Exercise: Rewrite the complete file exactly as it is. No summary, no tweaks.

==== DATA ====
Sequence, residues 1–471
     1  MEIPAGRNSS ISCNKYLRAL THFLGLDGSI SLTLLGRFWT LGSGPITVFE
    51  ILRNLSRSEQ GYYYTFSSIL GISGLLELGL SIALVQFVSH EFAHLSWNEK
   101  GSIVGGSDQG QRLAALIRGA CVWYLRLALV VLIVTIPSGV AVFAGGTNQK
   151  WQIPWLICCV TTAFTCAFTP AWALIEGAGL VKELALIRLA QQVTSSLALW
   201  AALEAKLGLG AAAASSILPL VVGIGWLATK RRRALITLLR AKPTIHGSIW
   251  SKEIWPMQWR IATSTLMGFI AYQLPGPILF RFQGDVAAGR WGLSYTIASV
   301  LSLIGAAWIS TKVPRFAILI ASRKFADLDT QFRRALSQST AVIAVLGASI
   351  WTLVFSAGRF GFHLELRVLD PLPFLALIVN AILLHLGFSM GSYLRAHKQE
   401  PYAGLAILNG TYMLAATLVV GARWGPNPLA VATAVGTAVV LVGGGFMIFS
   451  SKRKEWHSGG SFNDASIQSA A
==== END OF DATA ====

Sequence, residues 1–471
     1  MEIPAGRNSS ISCNKYLRAL THFLGLDGSI SLTLLGRFWT LGSGPITVFE
    51  ILRNLSRSEQ GYYYTFSSIL GISGLLELGL SIALVQFVSH EFAHLSWNEK
   101  GSIVGGSDQG QRLAALIRGA CVWYLRLALV VLIVTIPSGV AVFAGGTNQK
   151  WQIPWLICCV TTAFTCAFTP AWALIEGAGL VKELALIRLA QQVTSSLALW
   201  AALEAKLGLG AAAASSILPL VVGIGWLATK RRRALITLLR AKPTIHGSIW
   251  SKEIWPMQWR IATSTLMGFI AYQLPGPILF RFQGDVAAGR WGLSYTIASV
   301  LSLIGAAWIS TKVPRFAILI ASRKFADLDT QFRRALSQST AVIAVLGASI
   351  WTLVFSAGRF GFHLELRVLD PLPFLALIVN AILLHLGFSM GSYLRAHKQE
   401  PYAGLAILNG TYMLAATLVV GARWGPNPLA VATAVGTAVV LVGGGFMIFS
   451  SKRKEWHSGG SFNDASIQSA A